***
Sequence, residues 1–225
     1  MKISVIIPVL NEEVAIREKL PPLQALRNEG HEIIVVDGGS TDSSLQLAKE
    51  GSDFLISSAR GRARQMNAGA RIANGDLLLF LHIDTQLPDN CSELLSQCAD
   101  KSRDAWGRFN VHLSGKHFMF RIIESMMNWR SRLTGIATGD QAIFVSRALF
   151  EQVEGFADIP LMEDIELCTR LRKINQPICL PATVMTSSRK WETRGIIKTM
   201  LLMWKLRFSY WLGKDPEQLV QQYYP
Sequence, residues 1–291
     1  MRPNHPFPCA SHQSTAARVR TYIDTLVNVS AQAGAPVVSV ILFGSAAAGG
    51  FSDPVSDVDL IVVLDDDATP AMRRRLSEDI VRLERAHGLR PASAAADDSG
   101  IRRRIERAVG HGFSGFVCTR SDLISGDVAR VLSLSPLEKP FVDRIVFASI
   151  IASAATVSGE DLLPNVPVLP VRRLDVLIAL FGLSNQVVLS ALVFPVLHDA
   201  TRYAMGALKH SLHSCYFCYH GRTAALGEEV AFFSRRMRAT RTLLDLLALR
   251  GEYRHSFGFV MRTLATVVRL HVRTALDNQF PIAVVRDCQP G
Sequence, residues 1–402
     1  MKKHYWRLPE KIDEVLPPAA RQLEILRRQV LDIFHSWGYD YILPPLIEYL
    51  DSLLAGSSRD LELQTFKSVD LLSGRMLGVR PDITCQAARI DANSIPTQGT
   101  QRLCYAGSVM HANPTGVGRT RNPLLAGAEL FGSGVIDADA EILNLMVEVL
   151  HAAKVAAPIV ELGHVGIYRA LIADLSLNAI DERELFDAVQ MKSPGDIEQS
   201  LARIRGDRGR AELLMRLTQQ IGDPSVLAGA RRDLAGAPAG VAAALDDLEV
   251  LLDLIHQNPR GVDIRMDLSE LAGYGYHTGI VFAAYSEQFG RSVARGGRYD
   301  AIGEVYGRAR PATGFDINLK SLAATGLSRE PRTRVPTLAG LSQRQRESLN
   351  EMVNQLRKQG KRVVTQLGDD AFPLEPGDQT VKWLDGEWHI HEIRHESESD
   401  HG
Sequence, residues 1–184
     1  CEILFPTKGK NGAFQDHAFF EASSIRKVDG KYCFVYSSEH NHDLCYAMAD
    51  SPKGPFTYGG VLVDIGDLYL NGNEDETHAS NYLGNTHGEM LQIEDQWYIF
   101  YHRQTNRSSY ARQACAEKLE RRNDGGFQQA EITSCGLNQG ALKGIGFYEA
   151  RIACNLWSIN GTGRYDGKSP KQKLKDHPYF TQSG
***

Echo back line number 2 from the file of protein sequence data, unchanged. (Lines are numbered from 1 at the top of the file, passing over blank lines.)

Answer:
     1  MKISVIIPVL NEEVAIREKL PPLQALRNEG HEIIVVDGGS TDSSLQLAKE